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      Volume 10 |Issue 42 | November 04, 2011 |


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It's Hard to be a Good Loser

Aasha Mehreen Amin

It's not easy to lose a game. Think about it. No matter how sporty you pretend to be you just can't help that sick feeling in the pit of the stomach and the lump in one's oesophagus when you see the garlands around your winning opponent's neck, the tons of laddus distributed by their supporters and the embarrassed smiles from your friends and family. But because many times your loss is in public there is little to do but put up a brave face and appear to be a good sport.

When children lose in say, Musical Chairs at a birthday party, they may throw a tantrum and say things like: ‘It's not fair', 'you cheated', followed by tears and wringing of the hands in frustration. Politicians, strangely, despite reaching maturity in terms of age, have similar reactions when they lose an election. They will stamp their feet and cry foul at every opportunity and come up with bizarre conspiracy theories:

The police were biased towards my rival. This, despite the fact that the accuser is a nominee of the ruling party which makes it a little tricky for law enforcers to go against their own employers don't you think?

The electronic voting machines have been 'fixed'. And how exactly? They have designed them in such a way that if you vote for kodbel (my symbol ) the vote will actually be recorded for jambura (the undeserving rival's symbol).

For politicians in this country, losing is just not an acceptable possibility so there is no point talking about whether one will accept defeat gracefully or not.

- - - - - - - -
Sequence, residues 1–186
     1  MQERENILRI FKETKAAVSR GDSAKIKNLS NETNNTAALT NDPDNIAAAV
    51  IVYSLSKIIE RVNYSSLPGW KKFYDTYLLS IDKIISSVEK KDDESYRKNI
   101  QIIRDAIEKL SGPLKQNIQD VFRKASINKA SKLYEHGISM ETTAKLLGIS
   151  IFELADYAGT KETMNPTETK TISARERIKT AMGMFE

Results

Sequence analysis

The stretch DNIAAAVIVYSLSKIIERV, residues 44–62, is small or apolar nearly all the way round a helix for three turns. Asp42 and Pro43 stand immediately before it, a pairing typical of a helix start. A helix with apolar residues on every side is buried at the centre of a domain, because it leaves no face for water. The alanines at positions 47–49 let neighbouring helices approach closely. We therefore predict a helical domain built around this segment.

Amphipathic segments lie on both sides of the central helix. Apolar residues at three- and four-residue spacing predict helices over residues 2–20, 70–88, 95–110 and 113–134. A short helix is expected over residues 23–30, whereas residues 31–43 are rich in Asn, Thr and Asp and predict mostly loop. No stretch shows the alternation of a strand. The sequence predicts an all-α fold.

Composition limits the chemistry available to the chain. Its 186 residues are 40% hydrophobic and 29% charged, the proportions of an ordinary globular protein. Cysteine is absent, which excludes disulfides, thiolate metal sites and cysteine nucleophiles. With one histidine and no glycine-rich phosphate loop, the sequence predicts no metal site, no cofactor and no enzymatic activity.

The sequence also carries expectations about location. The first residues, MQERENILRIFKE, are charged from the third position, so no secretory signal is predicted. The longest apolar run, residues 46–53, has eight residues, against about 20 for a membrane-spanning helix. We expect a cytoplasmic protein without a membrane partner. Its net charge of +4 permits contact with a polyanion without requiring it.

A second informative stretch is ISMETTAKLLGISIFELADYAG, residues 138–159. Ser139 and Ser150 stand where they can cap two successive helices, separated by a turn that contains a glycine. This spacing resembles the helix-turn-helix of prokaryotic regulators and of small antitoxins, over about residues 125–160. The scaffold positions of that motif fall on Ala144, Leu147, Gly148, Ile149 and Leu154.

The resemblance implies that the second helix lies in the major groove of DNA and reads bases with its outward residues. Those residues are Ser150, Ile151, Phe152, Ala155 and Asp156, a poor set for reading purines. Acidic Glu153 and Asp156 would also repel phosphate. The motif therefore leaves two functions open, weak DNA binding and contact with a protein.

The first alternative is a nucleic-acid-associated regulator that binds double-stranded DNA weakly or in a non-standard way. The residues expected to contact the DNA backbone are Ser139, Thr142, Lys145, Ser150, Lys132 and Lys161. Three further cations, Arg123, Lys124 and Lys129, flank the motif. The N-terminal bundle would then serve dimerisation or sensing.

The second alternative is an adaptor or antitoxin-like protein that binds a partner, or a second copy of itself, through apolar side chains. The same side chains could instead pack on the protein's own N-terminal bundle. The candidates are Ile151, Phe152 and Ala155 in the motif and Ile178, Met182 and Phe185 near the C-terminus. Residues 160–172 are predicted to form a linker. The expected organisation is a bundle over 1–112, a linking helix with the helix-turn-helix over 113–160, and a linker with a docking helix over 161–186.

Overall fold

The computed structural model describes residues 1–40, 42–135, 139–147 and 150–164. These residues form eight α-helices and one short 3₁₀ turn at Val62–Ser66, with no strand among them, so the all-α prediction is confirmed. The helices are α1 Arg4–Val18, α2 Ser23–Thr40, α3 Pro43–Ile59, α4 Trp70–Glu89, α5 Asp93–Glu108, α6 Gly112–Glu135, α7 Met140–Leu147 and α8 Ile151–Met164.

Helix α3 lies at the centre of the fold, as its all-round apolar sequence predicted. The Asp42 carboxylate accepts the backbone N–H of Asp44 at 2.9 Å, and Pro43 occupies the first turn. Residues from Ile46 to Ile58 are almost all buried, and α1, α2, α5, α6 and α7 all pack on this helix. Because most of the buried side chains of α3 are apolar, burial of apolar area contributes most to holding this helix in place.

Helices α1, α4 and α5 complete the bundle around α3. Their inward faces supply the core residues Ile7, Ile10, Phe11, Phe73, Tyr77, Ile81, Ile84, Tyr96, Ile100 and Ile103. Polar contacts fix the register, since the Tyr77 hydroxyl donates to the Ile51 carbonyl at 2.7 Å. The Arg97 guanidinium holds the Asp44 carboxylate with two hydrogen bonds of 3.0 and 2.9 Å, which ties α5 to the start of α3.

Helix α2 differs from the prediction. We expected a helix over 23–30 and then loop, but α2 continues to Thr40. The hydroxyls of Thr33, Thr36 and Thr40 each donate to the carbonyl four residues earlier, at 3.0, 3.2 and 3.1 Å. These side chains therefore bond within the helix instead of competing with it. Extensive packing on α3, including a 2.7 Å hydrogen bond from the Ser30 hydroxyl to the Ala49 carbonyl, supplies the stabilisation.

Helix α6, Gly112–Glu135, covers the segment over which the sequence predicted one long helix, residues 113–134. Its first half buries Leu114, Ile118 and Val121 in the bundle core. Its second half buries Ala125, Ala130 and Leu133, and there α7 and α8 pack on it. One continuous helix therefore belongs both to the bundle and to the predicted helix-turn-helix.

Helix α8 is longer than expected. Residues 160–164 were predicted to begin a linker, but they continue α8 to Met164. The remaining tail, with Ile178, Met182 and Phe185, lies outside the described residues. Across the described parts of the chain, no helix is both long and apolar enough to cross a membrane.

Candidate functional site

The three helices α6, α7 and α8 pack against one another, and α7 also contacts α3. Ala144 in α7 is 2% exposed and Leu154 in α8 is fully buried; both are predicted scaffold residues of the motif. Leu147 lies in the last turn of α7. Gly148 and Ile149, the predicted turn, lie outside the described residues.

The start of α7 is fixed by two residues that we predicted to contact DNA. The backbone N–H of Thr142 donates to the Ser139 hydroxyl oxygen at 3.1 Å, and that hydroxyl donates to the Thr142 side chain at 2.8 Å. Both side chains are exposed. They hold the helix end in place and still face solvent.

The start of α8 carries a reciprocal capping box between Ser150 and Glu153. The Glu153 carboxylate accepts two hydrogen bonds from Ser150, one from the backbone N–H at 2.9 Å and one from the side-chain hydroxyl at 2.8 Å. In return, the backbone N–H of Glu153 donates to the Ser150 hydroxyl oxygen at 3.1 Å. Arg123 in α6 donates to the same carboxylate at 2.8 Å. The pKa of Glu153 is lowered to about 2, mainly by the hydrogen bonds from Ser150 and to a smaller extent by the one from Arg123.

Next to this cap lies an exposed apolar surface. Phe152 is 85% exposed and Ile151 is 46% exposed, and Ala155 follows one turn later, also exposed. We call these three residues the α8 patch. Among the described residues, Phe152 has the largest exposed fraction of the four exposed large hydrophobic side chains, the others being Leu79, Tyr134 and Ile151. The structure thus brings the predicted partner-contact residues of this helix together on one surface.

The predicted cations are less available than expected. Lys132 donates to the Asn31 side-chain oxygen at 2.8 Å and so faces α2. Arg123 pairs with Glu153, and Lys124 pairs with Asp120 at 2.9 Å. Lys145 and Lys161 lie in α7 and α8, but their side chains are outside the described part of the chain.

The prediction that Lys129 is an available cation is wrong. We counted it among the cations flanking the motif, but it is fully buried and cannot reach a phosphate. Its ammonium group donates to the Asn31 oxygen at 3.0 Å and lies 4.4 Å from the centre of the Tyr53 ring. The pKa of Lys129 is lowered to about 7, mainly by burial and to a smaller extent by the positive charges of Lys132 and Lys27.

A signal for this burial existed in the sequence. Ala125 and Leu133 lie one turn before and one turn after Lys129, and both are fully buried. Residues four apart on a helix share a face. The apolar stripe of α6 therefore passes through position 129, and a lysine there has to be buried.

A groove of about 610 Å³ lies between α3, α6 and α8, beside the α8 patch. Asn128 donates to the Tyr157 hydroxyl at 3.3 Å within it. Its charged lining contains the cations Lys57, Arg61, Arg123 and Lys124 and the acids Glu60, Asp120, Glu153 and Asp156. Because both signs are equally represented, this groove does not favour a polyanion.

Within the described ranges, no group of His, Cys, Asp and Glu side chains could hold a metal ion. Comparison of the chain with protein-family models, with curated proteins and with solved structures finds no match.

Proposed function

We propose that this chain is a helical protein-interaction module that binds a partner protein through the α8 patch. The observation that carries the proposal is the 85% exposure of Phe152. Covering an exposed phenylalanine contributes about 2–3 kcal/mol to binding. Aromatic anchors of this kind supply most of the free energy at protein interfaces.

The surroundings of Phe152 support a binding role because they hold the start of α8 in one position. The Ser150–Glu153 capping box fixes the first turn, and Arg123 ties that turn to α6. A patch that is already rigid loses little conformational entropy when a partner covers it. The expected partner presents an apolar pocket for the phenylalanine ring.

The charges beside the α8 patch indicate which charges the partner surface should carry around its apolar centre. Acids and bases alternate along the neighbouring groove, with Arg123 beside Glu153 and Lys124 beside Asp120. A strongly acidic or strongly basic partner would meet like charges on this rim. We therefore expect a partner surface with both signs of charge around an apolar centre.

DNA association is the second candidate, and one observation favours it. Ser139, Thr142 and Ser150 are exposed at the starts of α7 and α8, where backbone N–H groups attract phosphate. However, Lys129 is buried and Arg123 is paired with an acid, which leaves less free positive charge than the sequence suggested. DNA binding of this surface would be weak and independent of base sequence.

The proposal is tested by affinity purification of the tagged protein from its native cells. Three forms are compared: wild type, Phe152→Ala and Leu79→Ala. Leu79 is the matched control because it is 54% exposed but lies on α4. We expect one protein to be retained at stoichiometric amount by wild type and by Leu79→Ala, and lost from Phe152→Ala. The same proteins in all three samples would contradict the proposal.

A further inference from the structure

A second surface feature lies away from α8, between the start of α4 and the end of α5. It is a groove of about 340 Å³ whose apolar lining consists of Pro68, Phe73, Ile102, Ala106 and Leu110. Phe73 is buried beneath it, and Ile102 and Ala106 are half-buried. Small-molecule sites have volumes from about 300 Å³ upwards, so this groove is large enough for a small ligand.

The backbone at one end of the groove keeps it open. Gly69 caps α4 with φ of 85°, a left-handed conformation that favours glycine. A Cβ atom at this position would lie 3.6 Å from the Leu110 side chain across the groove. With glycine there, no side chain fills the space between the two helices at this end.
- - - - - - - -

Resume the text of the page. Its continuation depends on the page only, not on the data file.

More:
Political candidates like to have a backup plan before the actual polling starts – just in case. A candidate for instance, after not being able to come up with anything better, may claim that the electronic voting machines are 'hackable'. A glamorous 'IT expert' with great English speaking skills may be brought in front of the cameras to confirm this possibility with some weight. Sometimes politicians become clairvoyant and make predictions: "There will be a terrorist attack on election day." Never hope to get a plausible explanation for such a premonition intended to scare away the voters from the polling centres. Perhaps the candidate can just feel it in his bones.

Despite a string of allegations against them – murder, extortion, land grabbing, nepotism or general corruption – political candidates will appear in public, in the garb of angels.

This does not mean just kissing babies; it means even hugging the opponent in public while later, tearing each others' throats on talk shows.

Finally when the results are out, the losing candidate will at first, literally, lose it. If it had been anyone else in my place the whole city would have gone in flames.

Such tantrums, thankfully, are short-lived when it is crystal clear that the opponent won not because the voting machines, media, law enforcers or election commission were biased. It was because the voters were the ones who were biased - towards the candidate they thought would best serve their interests. It's something we call a 'free and fair election'.



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